Opinion – Further abolition of the sick note is a futile endeavour

Petra De Sutter’s ambition to extend the abolition of the sick note does not guarantee falling absenteeism rates. A generic expansion from one to three days seems doomed to fail its purpose, believes Dr Gretel Schrijvers, CEO of Mensura group.


The sick note continues to stir controversy. General practitioners are complaining about the administrative inconvenience, and some employers fear abuse of absences without attestation. However, the initial figures are encouraging. The abolition of the one-day sick note (up to a maximum of three times a year) does not seem to increase the number of sick days employees take. On the contrary, the number of employees reporting in sick is increasing, but the total number of sick days taken is decreasing. In any case, large-scale abuse does not seem to be an issue.

Limited impact

Bolstered by that evolution, Minister Petra De Sutter now wants to move forward. She is pushing to allow employees to stay home for up to three consecutive days without a doctor’s note, for a total of up to three times a year. The intention is noble, but seems mainly to ease workloads for general practitioners. However, the impact on absenteeism will be limited as the measure does not tackle the root of the evil.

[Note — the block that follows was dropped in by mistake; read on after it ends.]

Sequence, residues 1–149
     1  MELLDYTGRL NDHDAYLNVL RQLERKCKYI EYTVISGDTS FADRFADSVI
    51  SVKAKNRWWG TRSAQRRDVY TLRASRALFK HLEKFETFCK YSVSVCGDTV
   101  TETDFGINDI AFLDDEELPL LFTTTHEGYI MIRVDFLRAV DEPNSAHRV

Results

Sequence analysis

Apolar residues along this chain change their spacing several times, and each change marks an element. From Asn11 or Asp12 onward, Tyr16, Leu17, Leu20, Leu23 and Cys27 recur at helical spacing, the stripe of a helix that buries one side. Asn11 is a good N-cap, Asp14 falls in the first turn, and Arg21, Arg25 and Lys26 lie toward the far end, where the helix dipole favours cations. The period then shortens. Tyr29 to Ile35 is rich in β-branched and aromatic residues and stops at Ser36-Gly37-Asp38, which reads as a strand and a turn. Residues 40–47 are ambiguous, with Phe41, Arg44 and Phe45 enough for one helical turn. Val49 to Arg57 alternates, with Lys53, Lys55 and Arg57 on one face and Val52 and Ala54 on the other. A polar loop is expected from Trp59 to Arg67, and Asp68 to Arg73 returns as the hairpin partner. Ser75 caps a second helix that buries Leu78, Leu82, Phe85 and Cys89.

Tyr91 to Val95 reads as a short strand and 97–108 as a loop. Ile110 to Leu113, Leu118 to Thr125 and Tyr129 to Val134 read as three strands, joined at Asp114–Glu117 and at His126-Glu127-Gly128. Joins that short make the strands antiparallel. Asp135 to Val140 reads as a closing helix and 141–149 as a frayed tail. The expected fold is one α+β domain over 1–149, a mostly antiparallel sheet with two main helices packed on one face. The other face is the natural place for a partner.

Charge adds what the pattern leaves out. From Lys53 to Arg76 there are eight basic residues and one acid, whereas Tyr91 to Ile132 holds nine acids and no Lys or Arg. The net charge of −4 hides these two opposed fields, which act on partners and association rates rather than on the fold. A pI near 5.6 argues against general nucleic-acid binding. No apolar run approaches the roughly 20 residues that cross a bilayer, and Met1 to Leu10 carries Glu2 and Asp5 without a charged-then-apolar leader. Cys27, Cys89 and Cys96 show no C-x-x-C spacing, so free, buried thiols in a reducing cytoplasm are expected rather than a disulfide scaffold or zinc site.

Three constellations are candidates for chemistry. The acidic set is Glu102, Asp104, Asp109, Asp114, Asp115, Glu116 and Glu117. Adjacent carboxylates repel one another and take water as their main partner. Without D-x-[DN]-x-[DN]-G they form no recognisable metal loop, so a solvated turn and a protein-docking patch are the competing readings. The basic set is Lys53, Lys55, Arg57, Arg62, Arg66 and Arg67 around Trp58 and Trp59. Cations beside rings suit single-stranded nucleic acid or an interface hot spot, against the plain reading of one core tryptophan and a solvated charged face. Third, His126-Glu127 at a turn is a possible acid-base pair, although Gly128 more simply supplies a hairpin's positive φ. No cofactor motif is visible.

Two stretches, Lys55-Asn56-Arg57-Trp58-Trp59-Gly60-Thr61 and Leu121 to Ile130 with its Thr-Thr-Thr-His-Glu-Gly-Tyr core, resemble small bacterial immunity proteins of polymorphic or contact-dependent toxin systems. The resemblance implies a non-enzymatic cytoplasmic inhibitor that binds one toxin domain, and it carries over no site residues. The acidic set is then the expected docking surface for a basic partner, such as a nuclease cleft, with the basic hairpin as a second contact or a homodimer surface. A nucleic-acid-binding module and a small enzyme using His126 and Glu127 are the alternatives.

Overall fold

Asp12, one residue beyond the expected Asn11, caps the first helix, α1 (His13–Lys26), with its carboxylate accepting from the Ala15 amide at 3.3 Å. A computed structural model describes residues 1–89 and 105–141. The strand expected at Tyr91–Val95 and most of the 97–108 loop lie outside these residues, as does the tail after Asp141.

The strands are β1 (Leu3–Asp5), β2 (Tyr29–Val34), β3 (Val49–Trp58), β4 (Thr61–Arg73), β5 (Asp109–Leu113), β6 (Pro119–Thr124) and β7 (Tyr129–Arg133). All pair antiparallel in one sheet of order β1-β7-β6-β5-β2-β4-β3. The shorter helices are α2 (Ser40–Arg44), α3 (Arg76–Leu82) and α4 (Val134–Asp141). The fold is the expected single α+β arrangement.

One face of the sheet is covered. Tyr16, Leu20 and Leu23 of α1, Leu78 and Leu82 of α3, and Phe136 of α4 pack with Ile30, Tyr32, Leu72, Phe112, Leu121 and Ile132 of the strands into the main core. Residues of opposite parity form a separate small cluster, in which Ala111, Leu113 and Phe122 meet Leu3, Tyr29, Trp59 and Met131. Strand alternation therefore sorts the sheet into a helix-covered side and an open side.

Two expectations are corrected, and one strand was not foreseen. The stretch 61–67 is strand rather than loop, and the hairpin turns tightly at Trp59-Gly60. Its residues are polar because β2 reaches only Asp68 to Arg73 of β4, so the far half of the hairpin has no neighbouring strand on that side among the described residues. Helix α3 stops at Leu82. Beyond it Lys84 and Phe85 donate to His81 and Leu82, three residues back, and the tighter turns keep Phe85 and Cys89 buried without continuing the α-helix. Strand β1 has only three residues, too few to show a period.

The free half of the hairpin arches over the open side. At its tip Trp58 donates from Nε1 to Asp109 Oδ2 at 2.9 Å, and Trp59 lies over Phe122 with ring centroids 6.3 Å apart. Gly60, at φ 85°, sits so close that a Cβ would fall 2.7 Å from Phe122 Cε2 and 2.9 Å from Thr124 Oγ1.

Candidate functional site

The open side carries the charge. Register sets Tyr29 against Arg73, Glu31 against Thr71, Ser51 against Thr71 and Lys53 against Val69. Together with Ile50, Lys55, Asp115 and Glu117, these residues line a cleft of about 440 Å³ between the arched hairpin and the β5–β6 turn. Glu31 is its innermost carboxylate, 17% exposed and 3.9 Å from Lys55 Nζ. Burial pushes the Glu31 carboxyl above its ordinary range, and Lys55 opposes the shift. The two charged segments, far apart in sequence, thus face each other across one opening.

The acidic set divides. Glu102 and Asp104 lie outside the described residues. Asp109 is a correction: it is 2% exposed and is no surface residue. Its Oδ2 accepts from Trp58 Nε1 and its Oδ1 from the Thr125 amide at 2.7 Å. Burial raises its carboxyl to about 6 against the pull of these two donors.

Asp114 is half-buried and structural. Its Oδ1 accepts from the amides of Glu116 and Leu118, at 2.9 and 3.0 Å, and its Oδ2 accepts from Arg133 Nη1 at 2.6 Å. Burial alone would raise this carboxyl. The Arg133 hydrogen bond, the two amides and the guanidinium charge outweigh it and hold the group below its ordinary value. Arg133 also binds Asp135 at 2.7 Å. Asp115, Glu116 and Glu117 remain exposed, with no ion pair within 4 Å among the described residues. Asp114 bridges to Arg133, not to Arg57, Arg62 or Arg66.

‘Not done’

Johann Leten of VOKA Limburg called the proposal to extend the period of absence without a note ‘not done’. VOKA is of the opinion that organisations should decide for themselves whether or not sick notes must be submitted. That approach is already more detailed, and allows companies that have good policies around absenteeism to effectively do away with the sick note. Organisations that have clear policies and focus on trust and employability can afford to go this route.

No room for dialogue

But what about organisations that haven’t gotten to that point? It appears that they’ll have less and less control over absenteeism if De Sutter’s proposal is effective. And therein lies the crux of the matter: the sick note is effectively a wall between employer and employee. Because of the focus on the medical aspect (the disease), there is hardly any room for dialogue between employer and employee, even though it is crucial to stop the ever-increasing short- and long-term absenteeism figures.

It is up to organisations to take the fight against absenteeism seriously and reach out.
The reality of long-standing vacancies and shortage occupations offers no other choice.
Working towards a culture where avoiding absenteeism and promoting well-being go hand in hand is the only way to reduce absenteeism rates. Therefore, let companies take control and ensure maximum employability of their employees.